Fast or irregular breathing; puffiness or swellings of the eyelids or around the eyes; shortness of breath, troubled breathing, tightness in chest, or wheezing; changes in the skin color of the face occurring together with any of the other side effects listed here; or skin rash, hives, or itching occurring together with any of the other side effects listed here
Also, check with your doctor as soon as possible if any of the following side effects occur:
• Less common
Bloody urine; difficult or painful urination ; lower back or side pain (especially if severe or sharp); skin rash, hives, or itching (occurring without other signs of an allergic reaction)
Cloudy urine; cough or hoarseness; fast or irregular breathing; fever; pain in back and/or ribs; sores, ulcers, or white spots on lips or in mouth; sore throat and fever with or without chills; sudden decrease in the amount of urine; swelling of face, fingers, feet, and/or lower legs; swollen and/or painful glands ; unusual bleeding or bruising; unusual tiredness or weakness; yellow eyes or skin ; weight gain
Other side effects may occur that usually do not need medical attention. These side effects may go away during treatment as your body adjusts to the medicine. However, check with your doctor if any of the following side effects continue or are bothersome:
• More common
Headache; joint pain, redness, or swelling ; loss of appetite; nausea or vomiting (mild)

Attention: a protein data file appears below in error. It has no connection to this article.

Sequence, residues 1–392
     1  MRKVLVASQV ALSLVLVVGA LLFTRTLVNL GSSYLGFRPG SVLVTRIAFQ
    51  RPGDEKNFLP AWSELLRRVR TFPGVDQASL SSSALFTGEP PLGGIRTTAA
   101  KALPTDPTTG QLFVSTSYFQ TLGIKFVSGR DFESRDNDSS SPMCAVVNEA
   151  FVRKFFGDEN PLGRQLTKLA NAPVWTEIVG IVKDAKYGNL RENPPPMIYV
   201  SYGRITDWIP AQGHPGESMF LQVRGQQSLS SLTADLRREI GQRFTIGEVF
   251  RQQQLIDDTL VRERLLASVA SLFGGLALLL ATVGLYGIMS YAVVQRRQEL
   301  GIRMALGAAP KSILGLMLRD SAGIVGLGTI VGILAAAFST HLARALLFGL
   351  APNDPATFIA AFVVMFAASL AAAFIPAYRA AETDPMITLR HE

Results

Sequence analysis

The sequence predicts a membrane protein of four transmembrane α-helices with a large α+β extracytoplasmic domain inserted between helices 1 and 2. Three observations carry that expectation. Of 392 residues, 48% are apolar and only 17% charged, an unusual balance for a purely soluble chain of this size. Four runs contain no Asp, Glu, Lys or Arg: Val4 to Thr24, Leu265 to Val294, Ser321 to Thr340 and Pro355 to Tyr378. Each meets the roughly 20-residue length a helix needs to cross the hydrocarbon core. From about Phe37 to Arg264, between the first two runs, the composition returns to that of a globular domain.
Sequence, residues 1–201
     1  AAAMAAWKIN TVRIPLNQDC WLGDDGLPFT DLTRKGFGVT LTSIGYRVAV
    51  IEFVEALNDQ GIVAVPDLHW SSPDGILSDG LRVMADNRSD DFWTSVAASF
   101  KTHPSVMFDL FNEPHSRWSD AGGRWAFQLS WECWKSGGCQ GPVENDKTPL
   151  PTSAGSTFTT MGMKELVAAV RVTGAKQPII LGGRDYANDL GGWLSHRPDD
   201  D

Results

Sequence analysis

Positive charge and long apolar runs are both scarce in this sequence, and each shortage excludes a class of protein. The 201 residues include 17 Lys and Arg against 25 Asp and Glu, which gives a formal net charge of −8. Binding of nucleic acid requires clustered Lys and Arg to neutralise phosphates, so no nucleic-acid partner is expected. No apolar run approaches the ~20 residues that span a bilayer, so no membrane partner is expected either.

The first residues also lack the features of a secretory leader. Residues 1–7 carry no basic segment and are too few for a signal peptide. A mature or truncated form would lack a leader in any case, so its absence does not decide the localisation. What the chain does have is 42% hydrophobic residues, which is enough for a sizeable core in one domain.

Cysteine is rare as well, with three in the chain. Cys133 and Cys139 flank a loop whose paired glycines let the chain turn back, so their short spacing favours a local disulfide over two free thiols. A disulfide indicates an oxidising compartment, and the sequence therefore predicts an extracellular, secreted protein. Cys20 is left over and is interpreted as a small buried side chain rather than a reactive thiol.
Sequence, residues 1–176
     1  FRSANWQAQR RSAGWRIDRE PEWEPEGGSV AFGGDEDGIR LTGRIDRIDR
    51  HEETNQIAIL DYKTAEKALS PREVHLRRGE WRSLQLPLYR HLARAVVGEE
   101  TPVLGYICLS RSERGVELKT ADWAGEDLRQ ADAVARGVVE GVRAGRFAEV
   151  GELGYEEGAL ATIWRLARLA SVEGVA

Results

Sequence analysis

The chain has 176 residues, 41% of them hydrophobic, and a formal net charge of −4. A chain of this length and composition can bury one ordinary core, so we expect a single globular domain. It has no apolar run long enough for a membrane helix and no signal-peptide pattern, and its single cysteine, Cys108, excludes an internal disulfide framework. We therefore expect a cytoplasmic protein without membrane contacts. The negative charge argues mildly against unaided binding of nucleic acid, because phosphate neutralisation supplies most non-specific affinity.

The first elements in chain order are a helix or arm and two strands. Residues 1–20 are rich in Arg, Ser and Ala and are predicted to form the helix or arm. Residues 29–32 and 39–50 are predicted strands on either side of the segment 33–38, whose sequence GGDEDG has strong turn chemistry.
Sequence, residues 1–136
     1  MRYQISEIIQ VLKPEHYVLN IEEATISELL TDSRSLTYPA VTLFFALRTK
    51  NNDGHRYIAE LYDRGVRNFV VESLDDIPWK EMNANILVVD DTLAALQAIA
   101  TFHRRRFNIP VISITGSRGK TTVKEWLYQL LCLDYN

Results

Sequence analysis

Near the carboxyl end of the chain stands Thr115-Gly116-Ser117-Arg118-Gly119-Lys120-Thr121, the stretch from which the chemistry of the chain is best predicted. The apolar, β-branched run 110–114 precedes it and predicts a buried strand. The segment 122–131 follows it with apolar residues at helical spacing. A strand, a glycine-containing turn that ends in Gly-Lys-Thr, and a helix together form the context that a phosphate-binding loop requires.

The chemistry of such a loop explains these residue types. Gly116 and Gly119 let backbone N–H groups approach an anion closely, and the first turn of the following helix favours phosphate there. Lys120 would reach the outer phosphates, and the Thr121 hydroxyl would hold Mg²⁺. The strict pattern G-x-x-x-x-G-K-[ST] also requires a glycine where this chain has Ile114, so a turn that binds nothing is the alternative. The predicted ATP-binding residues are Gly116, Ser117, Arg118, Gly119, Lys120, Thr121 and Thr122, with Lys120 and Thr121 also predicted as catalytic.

• Less common
Dizziness; flushing or redness of face (occurring without any signs of an allergic reaction); frequent urge to urinate; sore gums
Other side effects not listed above may also occur in some patients. If you notice any other effects, check with your doctor.
SOLUTION # 2: Unless you are a divine follower of the late Mahatma Gandhi, who used to drink his urine daily, this solution is not nearly as appealing as taking probenecid. However, it apparently would be very effective. Dr. Grattan Woodson, a specialist in internal medicine at the Druid Oaks Health Center in Decatur, Georgia, offers the following advice for emergency treatment of bird flu:* This is an advanced, potentially life-saving emergency strategy, that should only be done under medical supervision—unless none is available.
Tamiflu Re-Administration Strategy: Tamiflu is excreted unchanged almost entirely in the urine. If Tamiflu supplies are limited, as they most certainly will be [during a bird-flu pandemic], consider giving the patient two Tamiflu tablets at the same time, collect the patient’s urine and re-administer it to the patient via naso-gastric (NG) tube or orally. If managed carefully, this approach means that you can completely treat a patient with only 2 Tamiflu tablets [by re-administering the patient’s urine daily for five to 10 days].
*Woodson G: Preparing for The Coming Influenza Pandemic. Fluwikie.com. Available at: http://fluwikie.com/annex/WoodsonMonograph.htm#_Toc116746508.